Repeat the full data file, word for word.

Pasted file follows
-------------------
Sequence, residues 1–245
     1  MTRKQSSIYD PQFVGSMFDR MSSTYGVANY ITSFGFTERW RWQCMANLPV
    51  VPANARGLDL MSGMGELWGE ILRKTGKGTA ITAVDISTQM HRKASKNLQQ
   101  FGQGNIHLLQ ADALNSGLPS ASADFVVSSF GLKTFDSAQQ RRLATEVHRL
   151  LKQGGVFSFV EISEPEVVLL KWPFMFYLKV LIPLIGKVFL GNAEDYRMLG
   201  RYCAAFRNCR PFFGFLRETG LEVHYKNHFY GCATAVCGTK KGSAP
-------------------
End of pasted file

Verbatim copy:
Sequence, residues 1–245
     1  MTRKQSSIYD PQFVGSMFDR MSSTYGVANY ITSFGFTERW RWQCMANLPV
    51  VPANARGLDL MSGMGELWGE ILRKTGKGTA ITAVDISTQM HRKASKNLQQ
   101  FGQGNIHLLQ ADALNSGLPS ASADFVVSSF GLKTFDSAQQ RRLATEVHRL
   151  LKQGGVFSFV EISEPEVVLL KWPFMFYLKV LIPLIGKVFL GNAEDYRMLG
   201  RYCAAFRNCR PFFGFLRETG LEVHYKNHFY GCATAVCGTK KGSAP